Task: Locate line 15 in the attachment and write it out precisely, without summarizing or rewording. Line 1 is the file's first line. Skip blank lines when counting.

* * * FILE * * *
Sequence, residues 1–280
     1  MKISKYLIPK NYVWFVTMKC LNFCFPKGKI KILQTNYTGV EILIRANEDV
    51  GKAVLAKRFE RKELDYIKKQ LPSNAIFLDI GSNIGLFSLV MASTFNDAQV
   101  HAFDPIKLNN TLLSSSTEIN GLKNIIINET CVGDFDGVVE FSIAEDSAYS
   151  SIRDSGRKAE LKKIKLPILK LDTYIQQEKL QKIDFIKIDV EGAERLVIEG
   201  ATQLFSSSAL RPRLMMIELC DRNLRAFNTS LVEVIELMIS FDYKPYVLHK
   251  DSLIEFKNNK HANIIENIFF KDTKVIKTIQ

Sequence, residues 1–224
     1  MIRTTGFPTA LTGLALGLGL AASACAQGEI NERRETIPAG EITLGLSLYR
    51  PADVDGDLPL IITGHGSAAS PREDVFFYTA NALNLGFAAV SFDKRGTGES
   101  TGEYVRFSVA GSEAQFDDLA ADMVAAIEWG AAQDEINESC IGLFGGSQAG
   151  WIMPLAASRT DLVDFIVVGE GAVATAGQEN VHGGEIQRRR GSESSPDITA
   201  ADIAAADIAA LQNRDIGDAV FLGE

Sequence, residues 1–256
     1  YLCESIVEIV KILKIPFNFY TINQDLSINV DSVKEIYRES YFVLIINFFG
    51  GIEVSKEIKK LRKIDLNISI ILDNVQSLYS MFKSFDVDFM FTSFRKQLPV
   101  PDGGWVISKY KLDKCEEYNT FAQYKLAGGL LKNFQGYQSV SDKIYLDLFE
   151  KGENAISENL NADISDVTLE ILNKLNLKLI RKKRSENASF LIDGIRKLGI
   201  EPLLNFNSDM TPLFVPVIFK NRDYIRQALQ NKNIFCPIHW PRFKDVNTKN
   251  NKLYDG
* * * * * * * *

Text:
     1  YLCESIVEIV KILKIPFNFY TINQDLSINV DSVKEIYRES YFVLIINFFG